Research by independent tax and business advisory firm Grant Thornton published following National Apprenticeship Week in February shows that 77 per cent of young people and 79 per cent of parents now think apprenticeships offer good career prospects. In addition, two-thirds (60 per cent) of young people believe a university degree is not essential to get a well-paid job.
Half of the employers questioned by Grant Thornton researchers said they were planning to recruit more apprentices in the next five years and 79 per cent said the Apprenticeship Levy had encouraged them to think differently about the issue.
Grant Thornton commissioned the survey of 1,000 16 to 25-year-olds and 1,000 parents of under-18s. They also questioned 500 UK employers who qualified for the Apprenticeship Levy.
Company spokesman Jim Rogers said: “This changing attitude represents an evolution in the expectations of young people and parents when it comes to learning beyond school. Add in high university tuition fees and rising living costs and it becomes clear why those looking at higher education options are increasingly seeing apprenticeships and other earn-as-you-learn routes, as a positive route in to a successful career.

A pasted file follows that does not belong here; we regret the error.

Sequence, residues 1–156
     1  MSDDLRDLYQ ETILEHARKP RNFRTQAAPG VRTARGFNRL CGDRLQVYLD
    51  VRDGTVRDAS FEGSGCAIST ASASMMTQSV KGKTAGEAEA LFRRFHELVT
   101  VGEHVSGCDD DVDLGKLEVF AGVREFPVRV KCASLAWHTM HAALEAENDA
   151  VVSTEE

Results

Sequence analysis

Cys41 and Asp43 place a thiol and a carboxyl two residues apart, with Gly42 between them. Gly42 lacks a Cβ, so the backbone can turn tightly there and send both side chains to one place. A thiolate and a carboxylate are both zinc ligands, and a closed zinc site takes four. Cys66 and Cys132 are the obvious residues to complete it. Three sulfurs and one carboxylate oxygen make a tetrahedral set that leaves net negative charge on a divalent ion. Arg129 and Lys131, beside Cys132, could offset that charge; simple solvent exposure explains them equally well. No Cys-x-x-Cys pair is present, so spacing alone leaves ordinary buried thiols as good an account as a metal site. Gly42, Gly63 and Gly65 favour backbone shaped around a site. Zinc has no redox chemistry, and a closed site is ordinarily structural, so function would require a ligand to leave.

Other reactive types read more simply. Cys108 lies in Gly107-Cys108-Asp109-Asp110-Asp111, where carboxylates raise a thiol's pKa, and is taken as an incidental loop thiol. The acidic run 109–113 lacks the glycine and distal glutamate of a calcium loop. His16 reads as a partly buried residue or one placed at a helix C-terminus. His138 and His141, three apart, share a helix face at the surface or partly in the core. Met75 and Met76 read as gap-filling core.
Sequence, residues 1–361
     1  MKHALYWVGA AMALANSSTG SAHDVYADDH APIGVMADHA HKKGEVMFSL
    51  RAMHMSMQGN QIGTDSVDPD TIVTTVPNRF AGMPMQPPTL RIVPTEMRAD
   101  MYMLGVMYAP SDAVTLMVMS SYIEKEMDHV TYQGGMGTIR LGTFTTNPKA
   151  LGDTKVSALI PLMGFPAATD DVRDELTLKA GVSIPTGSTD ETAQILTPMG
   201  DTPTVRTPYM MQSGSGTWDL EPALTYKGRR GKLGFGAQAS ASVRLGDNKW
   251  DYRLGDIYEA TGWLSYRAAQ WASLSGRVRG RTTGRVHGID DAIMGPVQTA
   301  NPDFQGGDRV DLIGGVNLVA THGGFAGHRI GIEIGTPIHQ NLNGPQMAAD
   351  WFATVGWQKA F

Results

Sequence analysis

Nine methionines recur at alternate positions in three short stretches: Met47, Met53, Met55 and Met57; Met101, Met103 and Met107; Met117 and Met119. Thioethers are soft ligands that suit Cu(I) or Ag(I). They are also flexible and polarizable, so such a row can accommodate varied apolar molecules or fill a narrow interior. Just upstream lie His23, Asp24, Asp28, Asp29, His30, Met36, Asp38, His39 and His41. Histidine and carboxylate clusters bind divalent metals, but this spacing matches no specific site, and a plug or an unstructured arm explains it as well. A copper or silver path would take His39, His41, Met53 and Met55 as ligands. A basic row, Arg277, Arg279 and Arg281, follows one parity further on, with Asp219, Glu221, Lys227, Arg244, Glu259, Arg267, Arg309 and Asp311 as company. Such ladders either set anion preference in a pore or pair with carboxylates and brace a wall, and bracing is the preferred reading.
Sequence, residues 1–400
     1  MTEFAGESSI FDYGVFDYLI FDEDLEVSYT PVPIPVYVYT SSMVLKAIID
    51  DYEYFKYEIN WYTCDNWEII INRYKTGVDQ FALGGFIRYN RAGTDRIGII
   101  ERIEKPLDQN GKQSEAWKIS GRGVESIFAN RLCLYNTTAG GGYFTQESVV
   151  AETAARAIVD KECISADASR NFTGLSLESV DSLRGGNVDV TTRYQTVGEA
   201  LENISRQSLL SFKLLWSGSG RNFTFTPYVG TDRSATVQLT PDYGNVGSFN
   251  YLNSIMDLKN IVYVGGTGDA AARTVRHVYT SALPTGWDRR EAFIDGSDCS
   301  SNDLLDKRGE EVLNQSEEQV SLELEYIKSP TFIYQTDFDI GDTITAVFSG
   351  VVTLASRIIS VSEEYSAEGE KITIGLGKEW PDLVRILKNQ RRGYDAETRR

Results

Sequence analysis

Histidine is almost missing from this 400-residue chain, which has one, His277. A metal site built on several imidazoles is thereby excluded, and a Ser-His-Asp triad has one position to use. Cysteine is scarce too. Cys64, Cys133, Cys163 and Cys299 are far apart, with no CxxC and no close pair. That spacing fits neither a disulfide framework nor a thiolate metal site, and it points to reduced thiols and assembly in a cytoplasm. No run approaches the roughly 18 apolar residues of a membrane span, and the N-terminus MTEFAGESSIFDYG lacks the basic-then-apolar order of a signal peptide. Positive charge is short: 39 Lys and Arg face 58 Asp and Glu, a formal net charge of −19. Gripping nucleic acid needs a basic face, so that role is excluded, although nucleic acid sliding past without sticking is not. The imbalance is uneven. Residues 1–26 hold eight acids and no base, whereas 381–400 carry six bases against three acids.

“For employers, navigating the Apprenticeship Levy and the wider changes to the apprenticeship system is challenging, but they should be exploring opportunities to think laterally about talent development approaches. Employers can use apprenticeships to both tap into new talent pools and to upskill existing people.”